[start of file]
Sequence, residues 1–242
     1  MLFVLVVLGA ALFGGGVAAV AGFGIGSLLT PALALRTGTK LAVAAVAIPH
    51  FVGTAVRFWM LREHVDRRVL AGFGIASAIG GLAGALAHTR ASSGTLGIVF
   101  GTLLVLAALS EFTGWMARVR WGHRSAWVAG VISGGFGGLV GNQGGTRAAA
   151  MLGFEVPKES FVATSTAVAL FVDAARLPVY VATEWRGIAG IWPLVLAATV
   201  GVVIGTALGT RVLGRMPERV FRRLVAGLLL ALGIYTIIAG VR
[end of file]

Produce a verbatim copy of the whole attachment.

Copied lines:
Sequence, residues 1–242
     1  MLFVLVVLGA ALFGGGVAAV AGFGIGSLLT PALALRTGTK LAVAAVAIPH
    51  FVGTAVRFWM LREHVDRRVL AGFGIASAIG GLAGALAHTR ASSGTLGIVF
   101  GTLLVLAALS EFTGWMARVR WGHRSAWVAG VISGGFGGLV GNQGGTRAAA
   151  MLGFEVPKES FVATSTAVAL FVDAARLPVY VATEWRGIAG IWPLVLAATV
   201  GVVIGTALGT RVLGRMPERV FRRLVAGLLL ALGIYTIIAG VR